Still holding hands, Alistair and Elissa turned to face the witnesses of their joining; the crowd cheered and clapped—though when Elissa’s eyes found Fergus he looked terribly sad. She almost hated him, in that moment, her brother who had made this decision for her, without stopping to think of what she wanted. And she was maliciously glad that he was unhappy; it was spiteful, she knew, but she wanted him to be as miserable as her. One was supposed to be happy on their wedding day, but Elissa felt nothing but rage and pain and trepidation—the same as she had felt on her last wedding day. Once again, she was wed to a man she did not love, who did not love her either.

If he tries to rape me tonight, Elissa thought, I’ll kill him, damn the consequences. I will never submit to a man again.


The wedding feast took forever, course upon course of rich food that made Elissa queasy just looking at. Her head ached, and she was exhausted, the day a trial in playacting the dutiful bride. She picked at some of the simpler dishes served but didn’t eat much. She was rather the opposite of hungry. She didn’t drink much wine either, sipping instead at the sweet, non-alcoholic cider that she had favored since childhood. She could tell that it was made from apples from the Highever orchards and was absurdly grateful to whoever had thought of such a thing.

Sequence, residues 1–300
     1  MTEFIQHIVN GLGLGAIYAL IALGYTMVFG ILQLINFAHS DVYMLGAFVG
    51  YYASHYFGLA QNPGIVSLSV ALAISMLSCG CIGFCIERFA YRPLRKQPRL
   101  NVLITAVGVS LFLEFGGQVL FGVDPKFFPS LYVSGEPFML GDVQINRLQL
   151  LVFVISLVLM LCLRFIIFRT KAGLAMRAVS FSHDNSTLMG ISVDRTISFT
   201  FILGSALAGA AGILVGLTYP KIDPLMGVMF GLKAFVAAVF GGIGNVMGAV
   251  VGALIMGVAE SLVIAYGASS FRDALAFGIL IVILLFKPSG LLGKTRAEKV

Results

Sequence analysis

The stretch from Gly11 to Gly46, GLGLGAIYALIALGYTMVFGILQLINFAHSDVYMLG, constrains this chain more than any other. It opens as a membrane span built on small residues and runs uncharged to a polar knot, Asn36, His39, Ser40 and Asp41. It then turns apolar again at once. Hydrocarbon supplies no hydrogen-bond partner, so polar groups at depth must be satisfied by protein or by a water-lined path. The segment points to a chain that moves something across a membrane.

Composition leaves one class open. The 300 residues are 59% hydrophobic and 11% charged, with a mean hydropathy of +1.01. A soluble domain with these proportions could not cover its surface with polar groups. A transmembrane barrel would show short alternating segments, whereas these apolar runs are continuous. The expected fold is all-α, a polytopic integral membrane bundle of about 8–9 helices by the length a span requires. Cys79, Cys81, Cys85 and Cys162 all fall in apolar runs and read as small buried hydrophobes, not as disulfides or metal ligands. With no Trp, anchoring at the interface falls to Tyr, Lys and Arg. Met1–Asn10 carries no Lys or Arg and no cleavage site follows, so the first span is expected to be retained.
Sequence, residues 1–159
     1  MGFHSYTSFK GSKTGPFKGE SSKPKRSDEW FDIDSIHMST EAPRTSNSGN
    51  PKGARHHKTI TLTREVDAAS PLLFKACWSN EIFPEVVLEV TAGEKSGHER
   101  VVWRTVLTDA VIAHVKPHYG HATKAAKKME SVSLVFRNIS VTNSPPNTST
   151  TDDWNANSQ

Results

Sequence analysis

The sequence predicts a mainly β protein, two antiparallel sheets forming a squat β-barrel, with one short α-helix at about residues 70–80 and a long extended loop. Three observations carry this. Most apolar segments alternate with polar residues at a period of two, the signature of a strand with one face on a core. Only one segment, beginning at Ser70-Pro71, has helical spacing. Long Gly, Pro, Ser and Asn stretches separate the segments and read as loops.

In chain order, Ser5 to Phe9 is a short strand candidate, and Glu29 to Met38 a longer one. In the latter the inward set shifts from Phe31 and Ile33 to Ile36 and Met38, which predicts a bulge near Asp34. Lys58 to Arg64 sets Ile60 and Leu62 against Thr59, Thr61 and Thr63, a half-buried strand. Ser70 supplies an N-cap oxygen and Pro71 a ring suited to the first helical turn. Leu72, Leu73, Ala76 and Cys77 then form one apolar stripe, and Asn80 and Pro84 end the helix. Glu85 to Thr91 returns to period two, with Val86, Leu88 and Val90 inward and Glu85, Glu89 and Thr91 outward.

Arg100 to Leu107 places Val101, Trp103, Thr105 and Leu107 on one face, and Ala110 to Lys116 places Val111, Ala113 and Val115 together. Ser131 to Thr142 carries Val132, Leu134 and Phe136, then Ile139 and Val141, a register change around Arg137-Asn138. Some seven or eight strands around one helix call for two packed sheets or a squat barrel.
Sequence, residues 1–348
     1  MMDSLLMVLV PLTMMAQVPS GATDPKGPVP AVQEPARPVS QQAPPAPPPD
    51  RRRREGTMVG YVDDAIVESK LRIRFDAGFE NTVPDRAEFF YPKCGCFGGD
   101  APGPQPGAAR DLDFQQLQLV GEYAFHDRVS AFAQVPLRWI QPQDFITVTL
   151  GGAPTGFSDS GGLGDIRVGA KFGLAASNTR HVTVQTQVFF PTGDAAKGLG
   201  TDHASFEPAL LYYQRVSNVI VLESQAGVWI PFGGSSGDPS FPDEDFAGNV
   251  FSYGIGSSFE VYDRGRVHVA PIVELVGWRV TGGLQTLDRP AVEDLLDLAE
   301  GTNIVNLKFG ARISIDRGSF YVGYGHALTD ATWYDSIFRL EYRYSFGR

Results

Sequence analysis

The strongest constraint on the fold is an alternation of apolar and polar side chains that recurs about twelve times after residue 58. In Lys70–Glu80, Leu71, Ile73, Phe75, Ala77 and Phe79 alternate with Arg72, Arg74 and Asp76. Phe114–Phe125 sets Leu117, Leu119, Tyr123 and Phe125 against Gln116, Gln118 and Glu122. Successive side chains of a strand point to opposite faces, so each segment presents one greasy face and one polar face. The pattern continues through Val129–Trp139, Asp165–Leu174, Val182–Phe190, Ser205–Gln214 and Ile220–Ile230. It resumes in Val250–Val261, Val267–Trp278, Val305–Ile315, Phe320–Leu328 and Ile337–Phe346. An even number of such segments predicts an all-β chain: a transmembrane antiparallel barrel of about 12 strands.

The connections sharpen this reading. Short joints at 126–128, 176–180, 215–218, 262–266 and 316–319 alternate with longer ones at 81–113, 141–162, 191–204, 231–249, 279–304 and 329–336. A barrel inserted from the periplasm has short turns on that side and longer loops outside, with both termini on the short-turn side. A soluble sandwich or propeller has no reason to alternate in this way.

Once the feasting was over, the tables were pushed toward the walls of the great hall to make room for dancing. Minstrels took up their instruments and began to play. Alistair led her out onto the dance floor for their first dance as man and wife, as King and Queen of Ferelden. He held her carefully in the strong circle of his arms, keeping his grip on her loose but steady as he waltzed her around the room. He was a decent dancer, though Elissa figured he could use more practice. She was thankful he didn’t try to grope her.

They danced a bit more before Fergus cut in, and she and her brother did not speak for the entirety of their dance. She was then subjected to a dance with Eamon, and then Teagan before Bann Alfstanna offered her a hand. Alfstanna was a few years older than Elissa and a very fine dancer indeed. She led better than most men could dream of.